Faith is truly one of the most complex attributes of spirituality. It is a word bandied about easily and casually by the unbelieving world as readily as it is used in the believing world.
It has almost become a cliche in our time to declare that, "the institution of marriage is under attack." It is a cliche because it is true. An all out ware is on the destroy marriage as Christians understand it.
It is unfortunate, in one sense, that the Lord's parable of the talents is about money and the return gained from its use. This has led to the false idea that God cares about the world of finance. The misappropriation of the truth of this parable has contributed to many foolish prosperity doctrines that are an embarrassment to the church. Because of the deeper meaning in the parable, however, the first century unit of money-weight Jesus spoke of actually became our English word for "talent," which certainly brings us much closer to Jesus' intent.
Though we have taken the two letters to the Thessalonians as our starting point for the next series of commands, Paul does not directly address home and family issues to a great extent in those letters. Most of his family-specific commands come later, notably in Ephesians and Colossians as well as, interestingly, in the letters to the two single men, Timothy and Titus.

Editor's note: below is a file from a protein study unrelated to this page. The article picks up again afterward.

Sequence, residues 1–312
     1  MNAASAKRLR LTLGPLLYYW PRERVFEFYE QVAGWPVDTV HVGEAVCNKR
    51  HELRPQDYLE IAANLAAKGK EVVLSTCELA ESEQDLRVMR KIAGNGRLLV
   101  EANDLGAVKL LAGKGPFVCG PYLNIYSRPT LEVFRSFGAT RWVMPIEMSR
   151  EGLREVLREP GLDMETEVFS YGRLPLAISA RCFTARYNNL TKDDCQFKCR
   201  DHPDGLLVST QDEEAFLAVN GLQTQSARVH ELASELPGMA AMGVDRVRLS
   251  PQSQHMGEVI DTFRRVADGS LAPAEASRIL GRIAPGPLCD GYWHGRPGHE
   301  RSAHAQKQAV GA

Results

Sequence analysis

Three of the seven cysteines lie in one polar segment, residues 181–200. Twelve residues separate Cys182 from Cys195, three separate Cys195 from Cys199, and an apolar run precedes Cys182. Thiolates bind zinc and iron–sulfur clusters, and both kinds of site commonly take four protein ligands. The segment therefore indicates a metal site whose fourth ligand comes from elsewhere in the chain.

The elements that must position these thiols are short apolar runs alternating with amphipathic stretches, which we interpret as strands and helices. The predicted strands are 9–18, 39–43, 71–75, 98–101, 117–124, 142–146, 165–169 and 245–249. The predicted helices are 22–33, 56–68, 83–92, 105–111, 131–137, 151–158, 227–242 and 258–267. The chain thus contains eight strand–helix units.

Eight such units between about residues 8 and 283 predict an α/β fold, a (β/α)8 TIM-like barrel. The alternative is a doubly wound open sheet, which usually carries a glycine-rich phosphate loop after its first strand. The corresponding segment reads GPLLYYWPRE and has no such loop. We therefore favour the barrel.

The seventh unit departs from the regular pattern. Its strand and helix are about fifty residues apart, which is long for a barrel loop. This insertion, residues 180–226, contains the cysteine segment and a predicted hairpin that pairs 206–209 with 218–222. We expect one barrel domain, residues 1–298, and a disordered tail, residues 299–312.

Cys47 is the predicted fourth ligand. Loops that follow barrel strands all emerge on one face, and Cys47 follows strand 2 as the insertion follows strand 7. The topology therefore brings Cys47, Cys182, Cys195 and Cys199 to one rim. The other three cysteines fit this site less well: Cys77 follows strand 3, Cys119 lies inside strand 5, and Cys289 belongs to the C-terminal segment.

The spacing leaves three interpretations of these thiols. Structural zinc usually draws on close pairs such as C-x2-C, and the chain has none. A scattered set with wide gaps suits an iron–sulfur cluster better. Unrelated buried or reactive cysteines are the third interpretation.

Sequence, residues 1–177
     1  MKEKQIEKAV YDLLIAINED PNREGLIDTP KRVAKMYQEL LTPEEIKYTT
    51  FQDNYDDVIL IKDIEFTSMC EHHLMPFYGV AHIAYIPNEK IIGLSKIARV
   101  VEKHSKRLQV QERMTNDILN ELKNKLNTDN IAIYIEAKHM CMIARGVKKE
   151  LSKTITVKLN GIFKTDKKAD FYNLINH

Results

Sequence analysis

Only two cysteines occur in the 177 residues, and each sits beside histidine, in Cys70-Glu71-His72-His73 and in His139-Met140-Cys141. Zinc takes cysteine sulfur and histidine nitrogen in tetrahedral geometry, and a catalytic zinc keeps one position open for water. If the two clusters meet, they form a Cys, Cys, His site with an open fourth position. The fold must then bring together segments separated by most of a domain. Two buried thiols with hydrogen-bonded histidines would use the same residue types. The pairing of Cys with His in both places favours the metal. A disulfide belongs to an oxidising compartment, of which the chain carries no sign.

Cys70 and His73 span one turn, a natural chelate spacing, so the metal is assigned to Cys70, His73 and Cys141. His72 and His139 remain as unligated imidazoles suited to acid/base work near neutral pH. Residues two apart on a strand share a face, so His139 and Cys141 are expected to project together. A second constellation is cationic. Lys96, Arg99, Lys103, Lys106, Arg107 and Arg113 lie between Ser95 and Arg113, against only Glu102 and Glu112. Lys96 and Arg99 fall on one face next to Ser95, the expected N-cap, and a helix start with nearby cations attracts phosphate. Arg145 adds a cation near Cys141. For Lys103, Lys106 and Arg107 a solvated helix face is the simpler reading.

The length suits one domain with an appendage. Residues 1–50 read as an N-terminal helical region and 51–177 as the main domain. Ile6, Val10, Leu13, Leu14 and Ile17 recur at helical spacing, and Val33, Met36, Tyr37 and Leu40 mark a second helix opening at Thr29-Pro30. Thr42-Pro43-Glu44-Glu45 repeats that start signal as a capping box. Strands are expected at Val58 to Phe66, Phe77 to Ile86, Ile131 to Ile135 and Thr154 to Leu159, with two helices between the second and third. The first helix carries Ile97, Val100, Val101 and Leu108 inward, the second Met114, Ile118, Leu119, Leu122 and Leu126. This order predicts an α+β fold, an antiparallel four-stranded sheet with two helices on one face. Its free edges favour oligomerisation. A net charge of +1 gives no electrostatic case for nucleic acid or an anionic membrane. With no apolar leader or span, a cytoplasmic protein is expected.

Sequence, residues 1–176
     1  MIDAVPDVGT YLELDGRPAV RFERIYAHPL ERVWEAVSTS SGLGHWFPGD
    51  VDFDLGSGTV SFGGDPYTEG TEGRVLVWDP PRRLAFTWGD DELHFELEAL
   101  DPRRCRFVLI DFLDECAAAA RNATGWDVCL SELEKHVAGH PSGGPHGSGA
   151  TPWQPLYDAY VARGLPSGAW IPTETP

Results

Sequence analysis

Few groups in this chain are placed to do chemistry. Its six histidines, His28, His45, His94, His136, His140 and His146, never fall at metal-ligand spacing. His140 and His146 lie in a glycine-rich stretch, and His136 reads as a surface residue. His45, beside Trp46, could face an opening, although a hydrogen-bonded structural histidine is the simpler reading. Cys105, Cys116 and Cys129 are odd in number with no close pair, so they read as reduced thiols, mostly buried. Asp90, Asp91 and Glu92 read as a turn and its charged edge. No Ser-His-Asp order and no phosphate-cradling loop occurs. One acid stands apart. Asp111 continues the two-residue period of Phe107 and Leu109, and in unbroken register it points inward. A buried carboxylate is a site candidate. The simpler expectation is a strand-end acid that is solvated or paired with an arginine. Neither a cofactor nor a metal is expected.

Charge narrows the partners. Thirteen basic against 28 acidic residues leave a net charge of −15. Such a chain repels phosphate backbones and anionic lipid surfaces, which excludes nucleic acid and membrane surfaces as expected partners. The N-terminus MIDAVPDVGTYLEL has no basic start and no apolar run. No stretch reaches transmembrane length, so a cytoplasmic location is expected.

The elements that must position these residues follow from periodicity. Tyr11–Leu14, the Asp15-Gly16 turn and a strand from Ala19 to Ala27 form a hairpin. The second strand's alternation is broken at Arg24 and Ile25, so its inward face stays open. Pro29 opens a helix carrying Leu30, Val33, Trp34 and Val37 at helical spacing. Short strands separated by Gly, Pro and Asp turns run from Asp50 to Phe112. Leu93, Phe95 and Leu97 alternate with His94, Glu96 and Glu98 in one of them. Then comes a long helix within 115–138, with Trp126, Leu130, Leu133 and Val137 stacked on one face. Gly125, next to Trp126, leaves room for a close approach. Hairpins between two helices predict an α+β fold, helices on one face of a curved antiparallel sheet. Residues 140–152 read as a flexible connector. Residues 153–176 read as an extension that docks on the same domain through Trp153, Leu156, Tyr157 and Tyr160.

New Testament scholar William Barclay says plainly about Mark 9:48-50, "These three verses are amongst the most difficult in the New Testament to interpret."
At first I wrote Bring children to me in order to more directly represent Jesus' words. Then I realized that Jesus was addressing a larger principle: The childlikeness required to receive the principles of God's kingdom. There are several huge implications involved.
In now climaxing this series of "Turn from sin" commands, we recognize that it would have been equally appropriate to have begun with the conscience as with the admonition to repent.
We continually find that the familiarity of certain of Jesus' words often obscures their astonishing meaning. Here, for example, many images of what it means to take upon oneself the Lord's "yoke" spring to mind, along with his oft-quoted words of comfort, You shall find rest for your souls.
We are familiar with the saying, "Confession is good for the soul." There is little doubt that confession is cleansing. Yet why does confession make us feel better?
Self-defense is one of the most automatic of human responses. When challenged, threatened, contradicted, or accused, we blurt out a defense before the voice of criticism has even died away. Often we do not wait so long as that to defend ourselves, but interrupt to counter the word against us before it is even finished.